options tab of the property toolbar an “Obstacle” property. This property is particularly
important for platform games: if selected, the object will generate collisions with the moving
The Obstacle property is a combo box with four choices:
• None: the object is not an obstacle
• Obstacle: the object is a classic obstacle
• Platform: for use with the platform movement, allow the player to walk on the object and
go through it from bottom to top
• Ladder: defines the object as a ladder. The player will be able to climb on the object (to go
from one platform to another).

The Active object may be the most important object of Multimedia Fusion. It is a versatile
and powerful object. As opposed to the backdrops objects, the active object takes an active
part in the animation and movement in the frame: it can be animated, can move around the
frame, generate collisions, be controlled by the joystick, store its own values, etc.
To create An Active object
Choose the “Insert object” option in the frame editor pop-up menu, or in the Insert submenu
in MMF main menu. Then choose the Active object and drop it somewhere in the frame.
The icon of the object should appear in the left pane of the frame editor:
Of course, you can draw what you want in the object. To open the Multimedia Fusion
Animation editor, right click on the active object and choose the Edit option.

6.2. The Animation Editor
As its name indicates, the animation editor allows you to edit the animations of the active
object. The active object contains twelve basic animations and you can define extra
animations as well. The animations are the following:
• Stopped: displayed when the object is static
• Walking: displayed when the object moves at a slow pace
• Running: displayed when the object is moving at a fast pace (speed greater than 75)
• Appearing: displayed when the object is created


• Disappearing: displayed when the object is destroyed
• Bouncing: displayed when the object is bouncing
• Shooting: displayed when the object is shooting an object
• Jumping: for platform movement, displayed when the player is jumping
• Falling: for platform movement, displayed when the player is falling
• Climbing: for platform movement, displayed when the player is climbing a ladder
• Crouch down: for platform movement, displayed when the player is crouching
• Stand up: for platform movement, displayed when the player is un-crouching
• User animations: an unlimited number of animations that you can add to the object. You
can name them as you want.
Each animation can have up to thirty-two directions. For example, you can define a walking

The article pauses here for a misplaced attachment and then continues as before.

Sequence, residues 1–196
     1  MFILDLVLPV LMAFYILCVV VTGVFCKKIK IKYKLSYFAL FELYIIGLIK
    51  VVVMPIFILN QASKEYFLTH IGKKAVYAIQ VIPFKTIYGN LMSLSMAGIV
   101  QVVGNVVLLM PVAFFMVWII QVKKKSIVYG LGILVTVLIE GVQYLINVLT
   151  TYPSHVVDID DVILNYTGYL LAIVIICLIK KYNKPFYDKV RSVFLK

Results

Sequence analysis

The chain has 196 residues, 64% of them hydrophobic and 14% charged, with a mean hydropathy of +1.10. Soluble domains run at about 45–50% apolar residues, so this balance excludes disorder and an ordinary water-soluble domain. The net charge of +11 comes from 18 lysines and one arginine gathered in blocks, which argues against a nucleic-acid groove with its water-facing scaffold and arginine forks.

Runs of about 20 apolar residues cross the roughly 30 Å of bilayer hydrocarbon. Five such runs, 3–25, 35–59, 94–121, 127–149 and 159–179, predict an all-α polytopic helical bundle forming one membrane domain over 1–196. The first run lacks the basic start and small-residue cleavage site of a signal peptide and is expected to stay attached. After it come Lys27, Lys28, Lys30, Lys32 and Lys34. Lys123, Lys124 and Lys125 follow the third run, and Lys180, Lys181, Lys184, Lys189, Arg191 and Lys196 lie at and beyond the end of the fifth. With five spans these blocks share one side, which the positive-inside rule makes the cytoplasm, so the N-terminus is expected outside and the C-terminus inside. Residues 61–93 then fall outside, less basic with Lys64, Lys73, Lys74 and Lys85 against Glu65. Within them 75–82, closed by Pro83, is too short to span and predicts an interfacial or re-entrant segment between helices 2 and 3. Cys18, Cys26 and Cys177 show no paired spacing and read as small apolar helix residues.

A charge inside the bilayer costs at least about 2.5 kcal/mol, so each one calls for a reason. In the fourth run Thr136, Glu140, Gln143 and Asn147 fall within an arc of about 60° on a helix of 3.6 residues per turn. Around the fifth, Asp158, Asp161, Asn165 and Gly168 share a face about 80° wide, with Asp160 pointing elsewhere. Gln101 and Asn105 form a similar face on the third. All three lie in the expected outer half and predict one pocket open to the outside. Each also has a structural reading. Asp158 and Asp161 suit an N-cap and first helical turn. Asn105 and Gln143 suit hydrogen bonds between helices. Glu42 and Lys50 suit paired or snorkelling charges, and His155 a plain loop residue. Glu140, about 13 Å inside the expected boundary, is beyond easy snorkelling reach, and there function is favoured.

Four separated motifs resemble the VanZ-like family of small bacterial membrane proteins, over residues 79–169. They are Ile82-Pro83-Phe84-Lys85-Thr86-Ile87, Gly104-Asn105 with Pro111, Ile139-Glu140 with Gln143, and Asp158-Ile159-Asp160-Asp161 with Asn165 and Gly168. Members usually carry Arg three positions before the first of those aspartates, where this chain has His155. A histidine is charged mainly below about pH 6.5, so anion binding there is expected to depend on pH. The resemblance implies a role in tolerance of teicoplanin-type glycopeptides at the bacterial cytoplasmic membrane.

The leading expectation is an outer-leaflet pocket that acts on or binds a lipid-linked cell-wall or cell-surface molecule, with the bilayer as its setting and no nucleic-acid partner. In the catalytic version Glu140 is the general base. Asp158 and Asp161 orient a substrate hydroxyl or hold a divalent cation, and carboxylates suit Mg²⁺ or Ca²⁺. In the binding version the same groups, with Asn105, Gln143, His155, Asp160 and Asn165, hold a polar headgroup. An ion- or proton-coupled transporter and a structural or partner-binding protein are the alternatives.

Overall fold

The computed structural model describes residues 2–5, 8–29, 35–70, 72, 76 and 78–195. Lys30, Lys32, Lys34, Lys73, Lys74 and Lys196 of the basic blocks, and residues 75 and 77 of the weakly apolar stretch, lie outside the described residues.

animation for when the object goes to the right, top, bottom and left.
Why so many animations and directions? When you attach a movement to an object (see
later), the object moves in a direction depending on the user input or the movement itself.
Multimedia Fusion selects the appropriate animation and displays it as the object moves. It
is automatic so you do not have to care about it thus saving edit time. This feature makes the
active object suited for many uses, from a bouncing ball in a breakout game, to a walking and
jumping character in a platform game. Active objects can also be used as clickable buttons
in a multimedia presentation.


The previous picture shows the animation editor at work. As you can see it is based on the
picture editor, so please refer to this part of the documentation for more information on how
to use the drawing tools. We will concentrate on the new features of the animation editor.
Looking at the bottom of the window, from left to right:
• The animation selector. Double click on an animation to open it. The different directions
and frames will be displayed in the window. To add a user animation, right click in the
animation selector and choose new. You can cut, copy and paste the animation as any other
object in Multimedia Fusion.
• The direction selector. All the directions are displayed there. You can have up to 32
different animations for a single animation. To increase or reduce the number of animations,
use the slider under the control, the different steps are 4 directions, 8 directions, 16 and 32.
32 is the finest, and you should use it for important objects, as it consumes the most memory.
If you click with the right button on the filled dot of an existing direction, you open a pop-up
• Cut / Copy / Paste / Delete. The usual clipboard functions:
they all work with animation directions.
• Create rotated directions. This powerful option will
create all the remaining directions from the selected
ones by rotating the pictures. For example, if your current
direction is right, all the other directions (top, left, bottom if
you have 4 directions selected) will be created. The object
is rotated around its hot spot (see later).
• Create opposite direction. Same as above, but the
action only creates one new direction, the opposite.
• Flip horizontally. Will reverse all the frames of the animation horizontally.
• Flip vertically. Will reverse all the frames of the animation vertically.
• Invert frame order. Will replace the first frame of the animation by the last one, the second
by the previous etc.
• Direction options. This tab present you with the different animation options, for each
direction. It presents you with a set of controls for you to set:
• Lower speed. Sets the speed of the animation for when the
object is static. The speed indicator can vary from 0 (stopped)